At its convention, the Presbyterian Church USA not only approved same-sex unions (and marriages where they are legal), but also voted to divest its portfolio of stock in three companies whose business, it says, helps Israel occupy Palestinian land. For the record, even though I am a supporter of Israel and its right to exist, I am against Israel’s settlements policies. The Israeli-Palestinian conflict, like everything else in the Middle East, defies simple explanation, and is by no means a Good vs. Evil thing. Yet selective moral outrage of this sort irritates me.

How many other companies who do business with countries whose governments violate Presbyterian values — China, for example, or Iran, or any number of Arab and African nations — are the Presbyterians planning to withdraw their money from? How does Israel’s overall record compare with those countries? The United States government is complicit in the destruction of the ancient Christian communities of Iraq. Are the Presbyterians going to divest themselves of companies that sell military equipment to the US government? Where does it stop?

In the end, though, I’m not at all sure that Israelis and Israel supporters have much to worry about. The PCUSA, like all liberal Mainline denominations, is dying. In 2002, it voted to approve partial-birth abortion. Now it’s all for gay marriage and divesting from Israel. Whatever progressive cause there is, the PCUSA seems bound and determined to embrace it. One PCUSA pastor celebrated the gay marriage vote like this:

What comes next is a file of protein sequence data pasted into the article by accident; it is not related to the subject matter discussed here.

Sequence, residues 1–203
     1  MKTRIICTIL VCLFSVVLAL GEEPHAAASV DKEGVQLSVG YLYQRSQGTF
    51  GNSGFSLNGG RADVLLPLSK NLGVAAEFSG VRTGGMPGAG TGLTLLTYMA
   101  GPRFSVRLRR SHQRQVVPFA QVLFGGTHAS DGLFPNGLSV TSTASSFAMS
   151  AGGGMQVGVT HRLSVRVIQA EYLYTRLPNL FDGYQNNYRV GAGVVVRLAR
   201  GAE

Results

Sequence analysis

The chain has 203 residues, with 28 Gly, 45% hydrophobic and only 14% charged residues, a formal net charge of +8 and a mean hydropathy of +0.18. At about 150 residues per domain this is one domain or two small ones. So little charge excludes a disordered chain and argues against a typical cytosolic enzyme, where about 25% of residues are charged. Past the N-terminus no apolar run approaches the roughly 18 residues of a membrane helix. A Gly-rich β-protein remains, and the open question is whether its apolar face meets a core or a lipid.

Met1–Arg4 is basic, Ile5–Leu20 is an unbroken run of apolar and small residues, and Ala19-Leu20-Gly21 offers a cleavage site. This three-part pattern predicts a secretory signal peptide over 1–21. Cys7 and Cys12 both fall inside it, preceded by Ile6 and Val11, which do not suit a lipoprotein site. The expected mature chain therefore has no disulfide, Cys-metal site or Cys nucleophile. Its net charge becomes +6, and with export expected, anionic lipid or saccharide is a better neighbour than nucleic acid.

The PC(USA) has lost a number of churches in the last few years since clearing the way for LGBT persons to be ordained as pastors, elders and deacons. More will undoubtedly leave, not pacified by six words in a subordinate clause. But we hope the language will give some conservative-minded folks a place to stand. The Presbyterian Church is rarely the first one to the table on matters of justice, but when we do get there, we try to bring as many people as possible with us. Whether we’re successful this time remains to be seen.

Actually, if history is any guide, the handwriting is on the wall. All Christian churches are facing decline now — let no conservative/orthodox churchmen gloat — but none faster than Mainline Protestantism, which has been the quickest Christian tradition to embrace progressivist causes. A Protestant friend of mine, reflecting on the PCUSA’s General Convention, interprets its actions in a broader context:

It’s part and parcel of a larger reorganization among Christians — the ones who are giving themselves permission to go extinct, basically, and the ones who are preparing for the coming darkness.

I agree with this.

UPDATE: Let’s not debate the Israel-Palestine conflict. I’m not going to approve any more comments on that issue. I’m happy to talk about the wisdom, or unwisdom, of church divestments and boycotts, and to talk about Mainline Protestantism, and Christianity on the whole. Just no Israel-Palestine. About the only way to get more endless arguing would be to debate whether interreligious Jewish-Muslim gay marriages are both kosher and halal.